Although it may seem straightforward, currency conversion is another pain point to consider. In the face of fluctuating exchange rates, many global retailers instead set a fixed rate, which helps ensure consistency in pricing. However, be sure to display prices in local currency, as leaving prices in USD can lead to abandoned shopping carts and decreased conversion rates.
According to Statista, in 2020, credit cards and digital/mobile wallets tied as the most popular ecommerce payment methods in the US, both holding 30% of the total payment count.
However, looking at payment methods from a global standpoint, the rankings are a bit different. In 2020, digital and mobile wallets (such as Apple Pay and PayPal) accounted for a whopping 45% of global ecommerce transactions, towering over credit cards, which sit in second place at only 23% market share.
This goes to show that customer payment preferences vary from country to country — so you can’t expect customers abroad to always pay in credit card.
For example, in Mexico, 86% of all payments are cash, and in Southeast Asia, only 15% of the population owns a credit or a debit card, while almost a third of the population doesn’t own a bank account.
While it may be easy to overlook something as simple as how people pay, these details can be the difference between making a sale and losing a potential customer. So instead of defaulting to credit cards, do some research and make sure you’re catering to the preferences of your target audience.
Just because your customers live abroad doesn't mean they should be out of sight and out of mind. Customer service is equally as important for your global markets as it is for your domestic market.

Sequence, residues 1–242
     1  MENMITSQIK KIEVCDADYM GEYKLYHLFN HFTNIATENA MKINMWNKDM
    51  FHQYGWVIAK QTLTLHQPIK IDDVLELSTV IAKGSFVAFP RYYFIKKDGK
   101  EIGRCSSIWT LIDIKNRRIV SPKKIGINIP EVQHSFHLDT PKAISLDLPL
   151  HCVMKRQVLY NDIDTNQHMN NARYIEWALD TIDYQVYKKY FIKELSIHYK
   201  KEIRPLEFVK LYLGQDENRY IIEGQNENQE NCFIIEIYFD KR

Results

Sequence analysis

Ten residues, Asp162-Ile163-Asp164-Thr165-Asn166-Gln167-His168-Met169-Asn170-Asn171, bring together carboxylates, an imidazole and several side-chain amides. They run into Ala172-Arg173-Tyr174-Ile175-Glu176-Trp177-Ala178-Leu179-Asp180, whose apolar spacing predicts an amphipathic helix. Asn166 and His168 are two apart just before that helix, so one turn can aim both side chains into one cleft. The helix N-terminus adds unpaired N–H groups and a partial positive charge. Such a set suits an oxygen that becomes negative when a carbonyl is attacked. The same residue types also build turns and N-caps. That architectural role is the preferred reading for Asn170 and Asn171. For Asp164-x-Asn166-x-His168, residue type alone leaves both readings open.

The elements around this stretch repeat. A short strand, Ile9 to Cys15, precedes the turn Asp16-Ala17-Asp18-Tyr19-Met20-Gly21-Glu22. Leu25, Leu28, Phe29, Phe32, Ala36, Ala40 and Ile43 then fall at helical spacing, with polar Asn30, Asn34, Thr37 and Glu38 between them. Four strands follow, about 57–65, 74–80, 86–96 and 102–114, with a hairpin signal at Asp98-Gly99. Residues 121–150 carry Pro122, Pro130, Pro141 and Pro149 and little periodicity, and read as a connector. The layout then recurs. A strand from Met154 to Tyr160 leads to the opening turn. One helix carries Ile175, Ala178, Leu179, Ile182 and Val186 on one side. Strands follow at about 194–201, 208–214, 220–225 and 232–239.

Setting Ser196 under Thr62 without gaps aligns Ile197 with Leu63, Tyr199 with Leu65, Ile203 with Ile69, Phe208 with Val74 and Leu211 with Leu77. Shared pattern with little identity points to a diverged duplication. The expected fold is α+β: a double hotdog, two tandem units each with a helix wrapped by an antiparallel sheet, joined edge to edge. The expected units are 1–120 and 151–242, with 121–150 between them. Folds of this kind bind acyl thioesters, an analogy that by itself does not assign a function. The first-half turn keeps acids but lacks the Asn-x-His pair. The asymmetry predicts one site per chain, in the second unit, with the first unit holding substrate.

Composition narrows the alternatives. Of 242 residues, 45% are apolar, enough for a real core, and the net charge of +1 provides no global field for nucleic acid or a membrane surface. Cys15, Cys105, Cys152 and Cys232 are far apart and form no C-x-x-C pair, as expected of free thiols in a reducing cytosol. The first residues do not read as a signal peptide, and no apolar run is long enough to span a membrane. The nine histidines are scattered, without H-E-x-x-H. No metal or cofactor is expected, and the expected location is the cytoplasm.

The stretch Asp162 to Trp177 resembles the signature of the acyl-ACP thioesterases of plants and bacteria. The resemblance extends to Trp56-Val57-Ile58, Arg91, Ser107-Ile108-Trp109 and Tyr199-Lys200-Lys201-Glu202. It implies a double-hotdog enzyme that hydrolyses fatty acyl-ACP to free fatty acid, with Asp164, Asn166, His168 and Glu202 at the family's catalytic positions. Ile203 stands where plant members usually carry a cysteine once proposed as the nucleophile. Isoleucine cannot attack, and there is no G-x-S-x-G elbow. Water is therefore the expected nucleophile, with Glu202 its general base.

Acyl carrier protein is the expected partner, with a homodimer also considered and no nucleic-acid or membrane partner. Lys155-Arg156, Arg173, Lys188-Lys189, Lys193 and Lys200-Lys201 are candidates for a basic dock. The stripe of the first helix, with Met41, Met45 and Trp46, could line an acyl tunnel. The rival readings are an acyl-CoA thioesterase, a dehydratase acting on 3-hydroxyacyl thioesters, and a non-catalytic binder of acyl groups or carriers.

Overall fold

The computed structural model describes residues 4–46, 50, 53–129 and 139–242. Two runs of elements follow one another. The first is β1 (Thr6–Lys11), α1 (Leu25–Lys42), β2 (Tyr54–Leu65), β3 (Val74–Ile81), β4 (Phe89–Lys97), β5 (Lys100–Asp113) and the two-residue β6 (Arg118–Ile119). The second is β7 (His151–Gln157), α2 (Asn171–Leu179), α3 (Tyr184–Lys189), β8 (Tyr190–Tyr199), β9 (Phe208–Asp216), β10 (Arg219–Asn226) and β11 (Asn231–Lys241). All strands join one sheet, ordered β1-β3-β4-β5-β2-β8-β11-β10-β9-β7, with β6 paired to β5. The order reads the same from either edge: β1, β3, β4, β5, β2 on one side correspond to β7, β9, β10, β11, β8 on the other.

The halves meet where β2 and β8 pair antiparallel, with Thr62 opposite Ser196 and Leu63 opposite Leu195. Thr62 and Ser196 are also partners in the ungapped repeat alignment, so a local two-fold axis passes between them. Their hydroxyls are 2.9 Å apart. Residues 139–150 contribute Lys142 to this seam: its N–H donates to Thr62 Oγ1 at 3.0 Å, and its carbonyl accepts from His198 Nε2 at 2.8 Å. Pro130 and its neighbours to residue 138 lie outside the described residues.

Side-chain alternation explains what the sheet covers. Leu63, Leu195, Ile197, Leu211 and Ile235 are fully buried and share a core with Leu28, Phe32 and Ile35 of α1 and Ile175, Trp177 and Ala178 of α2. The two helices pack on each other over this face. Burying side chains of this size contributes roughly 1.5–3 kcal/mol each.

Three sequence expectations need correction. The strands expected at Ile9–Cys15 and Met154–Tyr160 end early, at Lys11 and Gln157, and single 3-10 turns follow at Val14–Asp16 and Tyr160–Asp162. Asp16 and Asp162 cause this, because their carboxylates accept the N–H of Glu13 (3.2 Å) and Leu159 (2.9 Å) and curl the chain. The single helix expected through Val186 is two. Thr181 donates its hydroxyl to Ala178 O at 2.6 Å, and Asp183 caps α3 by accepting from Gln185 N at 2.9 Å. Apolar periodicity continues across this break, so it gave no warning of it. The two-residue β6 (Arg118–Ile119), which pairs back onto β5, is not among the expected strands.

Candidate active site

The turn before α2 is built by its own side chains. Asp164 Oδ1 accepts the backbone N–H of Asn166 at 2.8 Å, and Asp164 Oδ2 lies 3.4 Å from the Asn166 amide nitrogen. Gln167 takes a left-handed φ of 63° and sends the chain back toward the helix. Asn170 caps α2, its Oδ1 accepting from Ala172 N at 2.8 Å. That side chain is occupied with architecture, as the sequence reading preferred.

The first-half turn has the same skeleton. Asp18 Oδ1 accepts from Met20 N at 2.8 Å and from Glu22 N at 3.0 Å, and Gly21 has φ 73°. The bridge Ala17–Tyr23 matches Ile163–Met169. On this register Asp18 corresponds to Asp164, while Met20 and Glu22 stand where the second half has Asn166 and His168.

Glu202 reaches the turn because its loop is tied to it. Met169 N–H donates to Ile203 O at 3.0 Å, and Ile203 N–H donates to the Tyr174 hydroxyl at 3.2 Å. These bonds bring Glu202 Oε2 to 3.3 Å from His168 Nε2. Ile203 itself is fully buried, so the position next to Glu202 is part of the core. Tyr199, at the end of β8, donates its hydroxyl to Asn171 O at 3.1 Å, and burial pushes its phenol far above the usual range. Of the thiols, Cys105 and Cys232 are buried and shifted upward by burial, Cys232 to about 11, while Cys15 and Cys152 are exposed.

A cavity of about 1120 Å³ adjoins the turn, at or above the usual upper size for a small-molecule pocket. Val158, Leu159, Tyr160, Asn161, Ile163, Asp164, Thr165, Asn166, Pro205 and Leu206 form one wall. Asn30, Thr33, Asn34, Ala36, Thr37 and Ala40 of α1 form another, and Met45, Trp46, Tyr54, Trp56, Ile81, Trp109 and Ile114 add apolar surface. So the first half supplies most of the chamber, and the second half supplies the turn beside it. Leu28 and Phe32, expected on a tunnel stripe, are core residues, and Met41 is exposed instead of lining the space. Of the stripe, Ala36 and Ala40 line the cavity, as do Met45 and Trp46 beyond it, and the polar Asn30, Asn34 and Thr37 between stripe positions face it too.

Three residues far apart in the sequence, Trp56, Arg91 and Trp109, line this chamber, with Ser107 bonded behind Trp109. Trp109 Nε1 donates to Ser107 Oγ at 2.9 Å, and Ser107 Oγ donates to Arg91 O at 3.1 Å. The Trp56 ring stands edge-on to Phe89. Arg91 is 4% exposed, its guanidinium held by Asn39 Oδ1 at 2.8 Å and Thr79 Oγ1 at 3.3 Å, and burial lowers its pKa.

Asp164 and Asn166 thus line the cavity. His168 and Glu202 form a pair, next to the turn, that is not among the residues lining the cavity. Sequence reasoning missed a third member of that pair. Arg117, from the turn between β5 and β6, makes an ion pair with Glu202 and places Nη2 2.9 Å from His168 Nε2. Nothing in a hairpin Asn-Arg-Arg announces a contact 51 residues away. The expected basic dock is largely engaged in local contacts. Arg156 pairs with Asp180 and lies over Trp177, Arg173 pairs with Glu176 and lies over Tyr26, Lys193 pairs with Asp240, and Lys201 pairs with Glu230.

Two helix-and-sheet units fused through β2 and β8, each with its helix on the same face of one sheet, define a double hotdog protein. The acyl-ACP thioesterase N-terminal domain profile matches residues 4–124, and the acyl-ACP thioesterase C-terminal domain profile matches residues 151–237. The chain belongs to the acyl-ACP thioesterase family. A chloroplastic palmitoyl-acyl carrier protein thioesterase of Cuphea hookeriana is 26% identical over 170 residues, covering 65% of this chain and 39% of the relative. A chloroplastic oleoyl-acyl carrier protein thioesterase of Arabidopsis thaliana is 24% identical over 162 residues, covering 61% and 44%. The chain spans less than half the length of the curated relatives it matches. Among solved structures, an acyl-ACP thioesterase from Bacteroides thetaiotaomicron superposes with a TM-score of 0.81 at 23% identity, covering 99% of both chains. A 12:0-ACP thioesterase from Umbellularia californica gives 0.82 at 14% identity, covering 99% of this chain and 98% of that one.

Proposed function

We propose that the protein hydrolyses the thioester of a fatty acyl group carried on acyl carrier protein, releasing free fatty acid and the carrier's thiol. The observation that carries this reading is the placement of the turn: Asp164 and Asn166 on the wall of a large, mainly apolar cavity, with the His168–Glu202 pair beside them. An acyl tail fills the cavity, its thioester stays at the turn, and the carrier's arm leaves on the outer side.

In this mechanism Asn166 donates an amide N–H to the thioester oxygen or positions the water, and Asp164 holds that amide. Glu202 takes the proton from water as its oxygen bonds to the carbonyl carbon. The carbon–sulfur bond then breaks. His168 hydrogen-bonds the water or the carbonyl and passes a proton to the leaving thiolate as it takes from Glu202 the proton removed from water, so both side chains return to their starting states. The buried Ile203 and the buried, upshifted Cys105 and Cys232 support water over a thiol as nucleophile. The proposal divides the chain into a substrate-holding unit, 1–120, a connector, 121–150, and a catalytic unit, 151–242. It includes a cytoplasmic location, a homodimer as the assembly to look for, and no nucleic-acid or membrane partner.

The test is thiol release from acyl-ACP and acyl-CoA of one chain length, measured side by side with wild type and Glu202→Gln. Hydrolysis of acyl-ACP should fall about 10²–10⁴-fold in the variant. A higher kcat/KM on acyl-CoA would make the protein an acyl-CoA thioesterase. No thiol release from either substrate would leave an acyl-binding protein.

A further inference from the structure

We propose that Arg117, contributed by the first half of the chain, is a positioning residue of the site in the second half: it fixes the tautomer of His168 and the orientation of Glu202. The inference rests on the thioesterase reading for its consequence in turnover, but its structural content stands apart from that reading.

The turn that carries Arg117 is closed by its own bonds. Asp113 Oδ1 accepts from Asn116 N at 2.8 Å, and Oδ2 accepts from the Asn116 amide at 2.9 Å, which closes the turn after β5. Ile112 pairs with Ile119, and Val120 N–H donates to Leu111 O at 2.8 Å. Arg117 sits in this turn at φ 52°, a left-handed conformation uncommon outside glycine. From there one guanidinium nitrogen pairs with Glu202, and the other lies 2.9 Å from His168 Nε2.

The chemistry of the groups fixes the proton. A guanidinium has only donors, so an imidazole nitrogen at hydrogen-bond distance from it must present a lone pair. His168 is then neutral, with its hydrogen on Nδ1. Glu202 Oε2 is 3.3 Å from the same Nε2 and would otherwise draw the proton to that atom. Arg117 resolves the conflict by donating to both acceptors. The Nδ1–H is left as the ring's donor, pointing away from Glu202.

Especially when considering elements like return and exchange policies, it’s easy to assume that businesses in other countries operate the same as they do in the US. While many American stores have a no-questions-asked return policy, shoppers in France often assume that all purchases are final, and in Japan, many stores won’t accept returns for arbitrary reasons. Thus, when expanding globally, you’ll need to be mindful about how to address each country’s return policy depending on the preferences of the market.
Another key aspect of customer service is the method of communication. Looking at the graph below by Statista, it’s clear that the preferred communication channels vary widely from country to country, although phone/voice, email and live chat consistently hold the greatest popularity.
Navigation customs: 44.5%
Cross-border logistics: 37%
Cross-border returns: 33.5%
Managing delivery expectations: 34.5%
Tracking deliveries: 27.5%
However, by leveraging new technologies and multi-carrier software platforms, merchants can navigate these logistical challenges with greater ease and efficiency.
Ensuring that customers have flexible shipping options and transparent pricing is key, especially when selling overseas. A 2017 DHL report revealed that retailers who offer a premium delivery offering (such as expedited shipping) grow 60% faster than the average. So while it may be the easier option to offer only a standard home-delivery option, it may be worth considering expanding your horizons.
It’s no surprise that the pandemic has had serious implications for the ecommerce industry. With stay-at-home orders forcing merchants to reinvent how they do business, global ecommerce has experienced drastic change over the past two years — and many of the trends seem to be here for the long haul.